8 Comments

More route setting

It was beautiful outdoors this morning. A light fog hung low around the trees and birdsong rung out through the bush. It was no hardship to pull on my running shoes and hit the trails.

I wanted to do some more work on the Bayview Bash course. While I set some of the trek leg last week while out mountain biking, this morning I set part of the bike leg while running. And what a bike leg it is going to be. I only set part of it, but I think it’s going to be brilliant, with almost no cross-overs and no two-way traffic.

My run itself was slow. I kept stopping to find good places to hide checkpoints and to think about how to logically route the riders. But I still got a good sweat up.

Total: As with all sessions in which I set the Bayview Bash route, the distance is secret because that might give away clues.

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8 comments on “More route setting

  1. I love this widget–we are similar in this:
    “Acknowledgement of country
    I acknowledge the Traditional Owners of the lands through which I travel during my adventures, and pay my respects to Elders past and present.”

    • It’s proof that Reconciliation Australia and other organisations here in Australia are doing a great job with education of the public because I never used to think about these things before I got engaged by that organisation. But once I learned more, it made sense.

      • I actually teach American Indian history here. And environmental history. 🙂

        • Those would be really interesting topics. I’m studying a Bachelors degree in adult and vocational education with a minor in business. But at work I developed an eLearning course about Australia’s hidden histories and how it is still relevant to Aboriginal and Torres Strait Islander people today (i.e. it isn’t ‘ancient history’ that people should just ‘get over’). The course then goes on to show participants (mostly public servants) the steps they can take to help create more inclusive service provision.

          I’m going to the Australian Institute of Aboriginal and Torres Strait Islander Studies’ 2014 National Conference in March. The keynote speaker is James Lance Taylor from the University of San Fransisco in the US. I’m quite excited about the conference because I will learn heaps.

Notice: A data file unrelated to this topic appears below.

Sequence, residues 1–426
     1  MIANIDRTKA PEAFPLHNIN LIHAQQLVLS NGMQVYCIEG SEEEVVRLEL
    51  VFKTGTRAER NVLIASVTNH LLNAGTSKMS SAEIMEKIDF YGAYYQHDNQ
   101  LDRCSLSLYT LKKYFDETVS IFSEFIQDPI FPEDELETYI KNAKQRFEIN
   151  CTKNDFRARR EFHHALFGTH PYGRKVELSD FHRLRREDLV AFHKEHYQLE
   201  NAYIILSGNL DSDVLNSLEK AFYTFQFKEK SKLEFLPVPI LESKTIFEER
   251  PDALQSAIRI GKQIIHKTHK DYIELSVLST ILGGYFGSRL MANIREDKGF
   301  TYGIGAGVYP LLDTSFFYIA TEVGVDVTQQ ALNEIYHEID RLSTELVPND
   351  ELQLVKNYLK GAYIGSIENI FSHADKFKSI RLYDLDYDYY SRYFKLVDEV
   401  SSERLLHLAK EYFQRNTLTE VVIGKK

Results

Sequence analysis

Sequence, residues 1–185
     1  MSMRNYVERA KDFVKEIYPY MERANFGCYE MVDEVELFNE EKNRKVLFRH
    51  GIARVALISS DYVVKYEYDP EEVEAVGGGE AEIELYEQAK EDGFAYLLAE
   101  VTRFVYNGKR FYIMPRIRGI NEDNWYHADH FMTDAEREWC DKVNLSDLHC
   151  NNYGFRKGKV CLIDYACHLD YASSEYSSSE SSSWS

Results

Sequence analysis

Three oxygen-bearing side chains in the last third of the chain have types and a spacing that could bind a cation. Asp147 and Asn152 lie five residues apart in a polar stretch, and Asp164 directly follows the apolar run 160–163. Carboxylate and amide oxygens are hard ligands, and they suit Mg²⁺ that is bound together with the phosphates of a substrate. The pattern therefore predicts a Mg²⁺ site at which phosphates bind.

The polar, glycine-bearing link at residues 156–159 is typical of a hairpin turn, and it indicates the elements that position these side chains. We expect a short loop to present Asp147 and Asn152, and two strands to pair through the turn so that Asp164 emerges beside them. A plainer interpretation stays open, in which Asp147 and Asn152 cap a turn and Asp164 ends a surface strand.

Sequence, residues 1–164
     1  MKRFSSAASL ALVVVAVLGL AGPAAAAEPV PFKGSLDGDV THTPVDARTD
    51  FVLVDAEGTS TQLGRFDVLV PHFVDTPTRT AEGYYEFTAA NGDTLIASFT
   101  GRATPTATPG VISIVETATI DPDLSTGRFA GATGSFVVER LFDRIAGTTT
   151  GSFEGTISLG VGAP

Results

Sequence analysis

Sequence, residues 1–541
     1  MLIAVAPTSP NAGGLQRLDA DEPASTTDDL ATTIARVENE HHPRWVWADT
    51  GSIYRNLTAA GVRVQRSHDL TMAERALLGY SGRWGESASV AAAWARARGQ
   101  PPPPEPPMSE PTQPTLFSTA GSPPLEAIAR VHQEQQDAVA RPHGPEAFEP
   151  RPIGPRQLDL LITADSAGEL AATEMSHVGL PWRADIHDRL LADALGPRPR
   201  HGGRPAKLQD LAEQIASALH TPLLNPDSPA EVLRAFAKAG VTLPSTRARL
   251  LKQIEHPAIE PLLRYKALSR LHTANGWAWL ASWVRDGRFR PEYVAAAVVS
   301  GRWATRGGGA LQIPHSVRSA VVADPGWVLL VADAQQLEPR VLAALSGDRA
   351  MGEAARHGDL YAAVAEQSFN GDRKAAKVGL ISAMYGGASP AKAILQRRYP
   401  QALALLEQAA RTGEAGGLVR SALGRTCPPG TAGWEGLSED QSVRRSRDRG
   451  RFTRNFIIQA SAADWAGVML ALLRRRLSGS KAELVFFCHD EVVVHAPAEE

I want to do a Grad Cert in Aboriginal and Torres Strait Islander Education. I’m already eligible for the course because I have two undergraduate degrees. I am looking at options to do my business minor through summer school and then to do the Grad Cert during regular semester alongside my undergraduate education units. I’m not in a hurry to graduate but I am impatient to do more Aboriginal and Torres Strait Islander studies. I believe everyone who graduates with an education degree should have completed units in Aboriginal and Torres Strait Islander education but it’s not a component of our education degrees. But with the Grad Cert I know that I’ll learn a lot (personally, academically and professionally) and be well-placed in my industry.

        • Whoops – I might have sort of maybe submitted an application for a Graduate Certificate in Indigenous Education. The course is only offered during summer semester so it will fit nicely with my undergraduate studies. It’s 4 subjects so will take 2-4 years of summer schools, same as my undergraduate degree. So excited.

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